JaLCDOI 10.18926/AMO/52790
フルテキストURL 68_4_243.pdf
著者 Wada, Nozomu| Yasunaka, Tetsuya| Ikeda, Fusao| Nishina, Sohji| Korenaga, Masaaki| Hino, Keisuke| Fujioka, Shin-ichi| Osawa, Toshiya| Itoshima, Tatsuya| Kawanaka, Miwa| Yamada, Gotaro| Kariyama, Kazuya| Takayama, Hiroki| Kubota, Junichi| Morimoto, Yoichi| Mizushima, Takaaki| Yamashita, Haruhiko| Tanioka, Hiroaki| Negoro, Yuji| Toshimori, Junichi| Kobashi, Haruhiko| Hirano, Atsushi| Itano, Yasuo| Takaki, Akinobu| Yamamoto, Kazuhide|
抄録 Hepatitis B virus (HBV) is one of the major viruses causing acute hepatitis. Recently, the incidence of acute hepatitis with genotype A has been increasing in Japan. The aim of this study was to investigate acute hepatitis B (AHB) in Okayama prefecture, with special attention to HBV genotype A. AHB patients who visited one of 12 general hospitals in Okayama prefecture between 2006 and 2010 were retrospectively analyzed. Over the course of the study period, 128 patients were diagnosed with AHB. Sexual transmission was supposed in the majority of patients (78 patients, 61%), including 59 (76%) having sex with heterosexual partners. The genotypes of HBV were assessed in 90 patients (70%), of whom 27 patients were infected with genotype A, 5 with genotype B, and 58 with genotype C. The prevalence of genotype A was significantly higher among male patients (28.7%), aged 20-29 (35.6%, p<0.01), among men who had sex with men (100%, p<0.005), and among patients having sex with unspecified partners (44.8%, p<0.005). Genotype A was not a significant factor associated with delayed HBsAg disappearance. Caution should be exercised with regard to sexually transmissible diseases in order to slow the pandemic spread of AHB due to genotype A.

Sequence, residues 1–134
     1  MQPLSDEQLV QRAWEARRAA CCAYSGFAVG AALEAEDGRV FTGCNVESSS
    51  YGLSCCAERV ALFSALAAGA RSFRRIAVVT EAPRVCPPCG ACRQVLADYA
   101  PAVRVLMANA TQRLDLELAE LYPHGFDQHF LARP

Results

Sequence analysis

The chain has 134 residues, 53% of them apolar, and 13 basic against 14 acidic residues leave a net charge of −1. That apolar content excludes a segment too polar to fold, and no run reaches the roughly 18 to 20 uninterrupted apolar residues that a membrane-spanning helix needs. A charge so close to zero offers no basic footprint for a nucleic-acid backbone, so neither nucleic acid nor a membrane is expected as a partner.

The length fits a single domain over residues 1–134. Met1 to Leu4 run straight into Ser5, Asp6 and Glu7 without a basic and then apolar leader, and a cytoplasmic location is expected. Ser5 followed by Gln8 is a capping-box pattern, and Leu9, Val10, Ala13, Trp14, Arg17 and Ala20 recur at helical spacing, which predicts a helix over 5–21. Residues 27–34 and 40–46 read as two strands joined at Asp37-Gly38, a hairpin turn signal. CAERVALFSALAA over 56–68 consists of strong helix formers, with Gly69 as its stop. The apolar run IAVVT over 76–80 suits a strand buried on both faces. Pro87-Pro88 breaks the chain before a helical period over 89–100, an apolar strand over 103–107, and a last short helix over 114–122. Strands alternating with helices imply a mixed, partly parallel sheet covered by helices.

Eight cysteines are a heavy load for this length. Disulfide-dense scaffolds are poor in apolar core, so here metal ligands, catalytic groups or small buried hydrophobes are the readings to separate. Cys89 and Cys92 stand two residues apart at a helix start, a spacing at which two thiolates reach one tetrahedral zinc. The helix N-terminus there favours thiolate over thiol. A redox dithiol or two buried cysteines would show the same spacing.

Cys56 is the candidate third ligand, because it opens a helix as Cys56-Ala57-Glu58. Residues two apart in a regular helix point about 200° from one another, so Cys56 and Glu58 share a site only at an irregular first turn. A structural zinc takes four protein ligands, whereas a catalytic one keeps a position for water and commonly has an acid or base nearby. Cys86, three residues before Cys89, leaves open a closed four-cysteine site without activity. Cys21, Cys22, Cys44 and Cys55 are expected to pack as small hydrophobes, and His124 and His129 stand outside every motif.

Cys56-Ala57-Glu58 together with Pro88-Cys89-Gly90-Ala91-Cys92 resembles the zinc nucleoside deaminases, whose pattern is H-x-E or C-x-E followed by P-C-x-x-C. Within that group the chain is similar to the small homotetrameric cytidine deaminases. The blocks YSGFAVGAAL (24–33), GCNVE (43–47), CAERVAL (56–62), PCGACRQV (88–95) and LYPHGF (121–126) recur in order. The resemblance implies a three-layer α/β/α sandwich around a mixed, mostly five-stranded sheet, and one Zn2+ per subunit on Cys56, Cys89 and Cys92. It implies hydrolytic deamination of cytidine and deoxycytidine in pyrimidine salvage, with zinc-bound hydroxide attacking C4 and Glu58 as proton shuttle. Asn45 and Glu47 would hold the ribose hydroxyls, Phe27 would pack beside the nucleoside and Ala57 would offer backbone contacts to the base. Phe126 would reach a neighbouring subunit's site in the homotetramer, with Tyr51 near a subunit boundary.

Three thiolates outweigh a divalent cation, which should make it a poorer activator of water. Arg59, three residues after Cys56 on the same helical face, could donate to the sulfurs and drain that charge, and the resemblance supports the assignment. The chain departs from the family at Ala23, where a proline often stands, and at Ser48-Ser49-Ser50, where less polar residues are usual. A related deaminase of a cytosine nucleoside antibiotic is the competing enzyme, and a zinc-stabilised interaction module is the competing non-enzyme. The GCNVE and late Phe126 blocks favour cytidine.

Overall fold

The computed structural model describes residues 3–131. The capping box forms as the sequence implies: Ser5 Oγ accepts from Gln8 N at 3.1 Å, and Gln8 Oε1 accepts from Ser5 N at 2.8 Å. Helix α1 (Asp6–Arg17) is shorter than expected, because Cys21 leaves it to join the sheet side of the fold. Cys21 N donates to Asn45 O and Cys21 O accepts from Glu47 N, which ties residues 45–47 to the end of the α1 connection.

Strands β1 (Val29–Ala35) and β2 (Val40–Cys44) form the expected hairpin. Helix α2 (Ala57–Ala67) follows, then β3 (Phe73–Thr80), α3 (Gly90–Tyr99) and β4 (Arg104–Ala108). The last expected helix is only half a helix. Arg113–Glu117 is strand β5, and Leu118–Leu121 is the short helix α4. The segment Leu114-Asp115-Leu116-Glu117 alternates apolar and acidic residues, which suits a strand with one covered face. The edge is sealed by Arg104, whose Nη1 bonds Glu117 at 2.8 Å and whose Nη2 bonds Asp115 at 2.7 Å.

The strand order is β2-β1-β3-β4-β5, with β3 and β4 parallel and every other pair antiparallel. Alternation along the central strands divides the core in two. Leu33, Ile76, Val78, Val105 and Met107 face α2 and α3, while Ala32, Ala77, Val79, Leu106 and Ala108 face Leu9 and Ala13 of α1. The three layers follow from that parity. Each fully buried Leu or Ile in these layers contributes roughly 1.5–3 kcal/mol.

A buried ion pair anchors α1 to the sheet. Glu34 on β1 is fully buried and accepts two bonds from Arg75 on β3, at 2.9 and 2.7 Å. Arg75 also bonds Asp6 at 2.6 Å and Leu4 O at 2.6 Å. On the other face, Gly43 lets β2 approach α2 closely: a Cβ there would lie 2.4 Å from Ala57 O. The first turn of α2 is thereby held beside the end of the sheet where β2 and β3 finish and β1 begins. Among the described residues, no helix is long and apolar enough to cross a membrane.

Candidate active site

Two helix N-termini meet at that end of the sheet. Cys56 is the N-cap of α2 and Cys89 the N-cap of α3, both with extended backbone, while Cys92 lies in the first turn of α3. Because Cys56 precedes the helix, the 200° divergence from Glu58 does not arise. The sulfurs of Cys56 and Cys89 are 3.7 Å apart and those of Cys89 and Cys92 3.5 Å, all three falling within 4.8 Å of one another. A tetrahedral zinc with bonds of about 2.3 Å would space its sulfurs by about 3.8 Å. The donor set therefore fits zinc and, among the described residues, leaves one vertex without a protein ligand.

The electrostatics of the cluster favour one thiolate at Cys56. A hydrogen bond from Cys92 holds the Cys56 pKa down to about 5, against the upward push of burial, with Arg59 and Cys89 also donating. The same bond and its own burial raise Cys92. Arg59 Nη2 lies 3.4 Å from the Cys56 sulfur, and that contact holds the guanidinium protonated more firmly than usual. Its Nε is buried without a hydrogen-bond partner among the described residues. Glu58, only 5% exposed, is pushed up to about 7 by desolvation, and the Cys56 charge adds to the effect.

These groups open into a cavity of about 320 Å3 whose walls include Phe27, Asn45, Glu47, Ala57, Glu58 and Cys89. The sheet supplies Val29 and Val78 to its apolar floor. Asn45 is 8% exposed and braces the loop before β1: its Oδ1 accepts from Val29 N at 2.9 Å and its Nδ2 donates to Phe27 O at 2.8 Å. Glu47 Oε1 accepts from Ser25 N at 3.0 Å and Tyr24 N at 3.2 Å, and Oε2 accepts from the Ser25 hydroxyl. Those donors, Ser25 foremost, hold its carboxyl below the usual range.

キーワード acute hepatitis hepatitis B virus
Amo Type Original Article
発行日 2014-08
出版物タイトル Acta Medica Okayama
68巻
4号
出版者 Okayama University Medical School
開始ページ 243
終了ページ 247
ISSN 0386-300X
NCID AA00508441
資料タイプ 学術雑誌論文
言語 English
著作権者 CopyrightⒸ 2014 by Okayama University Medical School
論文のバージョン publisher
査読 有り
PubMed ID 25145410
Web of Science KeyUT 000340687500006